You have probably already asked yourselves the question:
“How is a firefighting helmet like this actually made?”
In this blog post, I would like to give you a few insights into the making of a HEROS firefighting helmet – from small plastic granulate to the finished firefighting helmet.
Of course, there is already a lot of work behind us before we can even start with the injection molding process (the process in which all the plastic parts used in a firefighting helmet are manufactured). In the injection molding process, a special high-performance plastic type defined in the development phase of the helmet is liquefied in the screw of the injection molding machine at a very high temperature and injected into the injection mold at high pressure and temperature. After enough material has been injected to fill up the entire cavity of the injection mold, the cooling phase begins. As soon as this phase is completed, the highly complex mold opens fully automatically and the helmet shell is removed by a robot and placed on a conveyor belt.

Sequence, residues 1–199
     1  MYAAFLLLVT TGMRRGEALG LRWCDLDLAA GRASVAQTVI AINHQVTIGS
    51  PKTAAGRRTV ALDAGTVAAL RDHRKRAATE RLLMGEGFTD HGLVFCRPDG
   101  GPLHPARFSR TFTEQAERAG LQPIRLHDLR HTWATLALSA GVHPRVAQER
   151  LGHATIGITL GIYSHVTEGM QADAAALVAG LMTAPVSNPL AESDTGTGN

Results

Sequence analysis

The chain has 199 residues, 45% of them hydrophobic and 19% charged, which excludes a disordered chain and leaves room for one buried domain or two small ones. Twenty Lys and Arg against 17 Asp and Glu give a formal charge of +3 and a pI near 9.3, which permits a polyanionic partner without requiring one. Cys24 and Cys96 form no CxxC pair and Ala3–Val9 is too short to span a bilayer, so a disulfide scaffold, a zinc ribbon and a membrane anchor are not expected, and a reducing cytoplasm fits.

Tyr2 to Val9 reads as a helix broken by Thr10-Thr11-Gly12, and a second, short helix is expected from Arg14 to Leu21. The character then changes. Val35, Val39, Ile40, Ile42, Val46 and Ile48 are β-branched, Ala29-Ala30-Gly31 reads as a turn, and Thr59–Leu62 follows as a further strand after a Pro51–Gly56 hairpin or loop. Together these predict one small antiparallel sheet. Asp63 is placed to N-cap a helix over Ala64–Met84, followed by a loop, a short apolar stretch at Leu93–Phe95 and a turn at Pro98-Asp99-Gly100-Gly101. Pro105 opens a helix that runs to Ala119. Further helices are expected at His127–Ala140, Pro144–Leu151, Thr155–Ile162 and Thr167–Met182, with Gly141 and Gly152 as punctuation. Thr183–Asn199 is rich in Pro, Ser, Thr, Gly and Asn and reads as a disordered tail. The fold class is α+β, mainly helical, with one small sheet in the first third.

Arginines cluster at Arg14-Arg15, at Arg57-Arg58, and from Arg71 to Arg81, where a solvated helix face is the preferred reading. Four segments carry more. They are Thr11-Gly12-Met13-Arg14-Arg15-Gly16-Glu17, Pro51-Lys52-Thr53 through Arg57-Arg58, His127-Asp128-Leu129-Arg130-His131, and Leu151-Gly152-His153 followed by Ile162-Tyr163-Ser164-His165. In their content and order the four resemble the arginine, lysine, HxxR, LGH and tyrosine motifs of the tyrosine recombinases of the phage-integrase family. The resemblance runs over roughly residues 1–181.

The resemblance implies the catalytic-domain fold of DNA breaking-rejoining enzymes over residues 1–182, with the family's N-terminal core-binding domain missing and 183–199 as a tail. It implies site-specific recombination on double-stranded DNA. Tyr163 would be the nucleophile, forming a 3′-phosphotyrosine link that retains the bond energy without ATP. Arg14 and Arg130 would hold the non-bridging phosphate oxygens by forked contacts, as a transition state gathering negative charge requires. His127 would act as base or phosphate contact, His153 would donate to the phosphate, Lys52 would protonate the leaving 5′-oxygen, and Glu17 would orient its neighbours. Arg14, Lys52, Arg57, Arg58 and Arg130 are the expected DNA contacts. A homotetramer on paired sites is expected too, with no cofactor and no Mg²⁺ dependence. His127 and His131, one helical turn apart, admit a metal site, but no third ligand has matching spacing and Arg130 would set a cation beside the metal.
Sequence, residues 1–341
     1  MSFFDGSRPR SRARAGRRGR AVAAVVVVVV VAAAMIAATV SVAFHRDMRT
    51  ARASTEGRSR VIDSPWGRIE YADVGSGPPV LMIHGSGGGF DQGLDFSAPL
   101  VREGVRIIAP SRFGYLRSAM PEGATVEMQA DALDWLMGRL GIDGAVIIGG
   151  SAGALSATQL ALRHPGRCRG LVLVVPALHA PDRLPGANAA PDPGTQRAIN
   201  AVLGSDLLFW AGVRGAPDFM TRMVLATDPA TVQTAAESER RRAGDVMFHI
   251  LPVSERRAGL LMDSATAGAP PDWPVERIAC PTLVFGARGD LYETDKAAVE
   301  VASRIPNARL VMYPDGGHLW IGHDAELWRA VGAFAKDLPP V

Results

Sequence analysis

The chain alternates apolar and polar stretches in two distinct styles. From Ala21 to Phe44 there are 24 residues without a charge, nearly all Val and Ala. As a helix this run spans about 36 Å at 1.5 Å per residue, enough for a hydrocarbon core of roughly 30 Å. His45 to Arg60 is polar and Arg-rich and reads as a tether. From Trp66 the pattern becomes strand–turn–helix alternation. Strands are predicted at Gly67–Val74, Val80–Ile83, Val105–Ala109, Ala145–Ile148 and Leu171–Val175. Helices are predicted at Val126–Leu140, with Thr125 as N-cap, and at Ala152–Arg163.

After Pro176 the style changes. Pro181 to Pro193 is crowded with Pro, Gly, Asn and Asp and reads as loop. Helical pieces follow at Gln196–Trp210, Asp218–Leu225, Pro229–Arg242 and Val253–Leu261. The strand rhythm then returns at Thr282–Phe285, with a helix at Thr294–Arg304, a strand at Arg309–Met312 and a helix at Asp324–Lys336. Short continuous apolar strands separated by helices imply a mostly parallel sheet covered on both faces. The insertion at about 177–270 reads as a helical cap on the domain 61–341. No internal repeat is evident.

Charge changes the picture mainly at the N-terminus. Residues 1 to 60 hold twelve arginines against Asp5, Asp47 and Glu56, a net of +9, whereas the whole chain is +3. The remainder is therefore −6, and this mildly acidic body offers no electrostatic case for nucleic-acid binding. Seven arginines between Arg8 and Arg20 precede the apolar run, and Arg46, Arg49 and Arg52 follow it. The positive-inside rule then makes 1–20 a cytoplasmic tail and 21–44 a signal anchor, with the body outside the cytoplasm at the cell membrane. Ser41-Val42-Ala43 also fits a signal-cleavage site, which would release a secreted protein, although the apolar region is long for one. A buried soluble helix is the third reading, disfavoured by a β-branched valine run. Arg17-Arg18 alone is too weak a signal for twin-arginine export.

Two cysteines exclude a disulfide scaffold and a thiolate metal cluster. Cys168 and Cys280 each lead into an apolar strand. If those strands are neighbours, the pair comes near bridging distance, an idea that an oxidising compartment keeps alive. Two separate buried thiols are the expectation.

The quality assurance process already begins now and continues until the helmet is packaged and ready for sale.
The helmet shell is checked for dimensional accuracy, weight, completeness and much more. In addition, an RFID chip is glued into the helmet shell on which all this information, and much more, is written. As already explained in one of my earlier blog posts, this RFID chip is also used in helmet production, where all production-related data is stored and which can subsequently also be used for personalization by the customer.
Only helmet shells that are 100% flawless go on to coating in a reusable transport box. The helmet shells are coated on a state-of-the-art robotic coating system – in up to 9 different colors, depending on the customer’s wishes.
Once the coating process is complete and the helmet shells have passed the very strict quality control, the actual assembly process now begins at the Rosenbauer Helmet Center in Pichling near Linz.
There, the helmets are manufactured to a high variance, according to the wishes of the customers, and after a final quality control they are delivered to the customers worldwide.
Since the helmet is part of the personal protective equipment (PPE), it is also inevitable that each batch is subjected to so-called “batch testing.” In batch testing, a defined number of helmets per production batch are tested and approved in the in-house test center according to selected standard tests (EN or NFPA standard).
This ensures that only helmets that meet 100% of the requirements go out to the customers and provide the emergency personnel with maximum protection in all situations.
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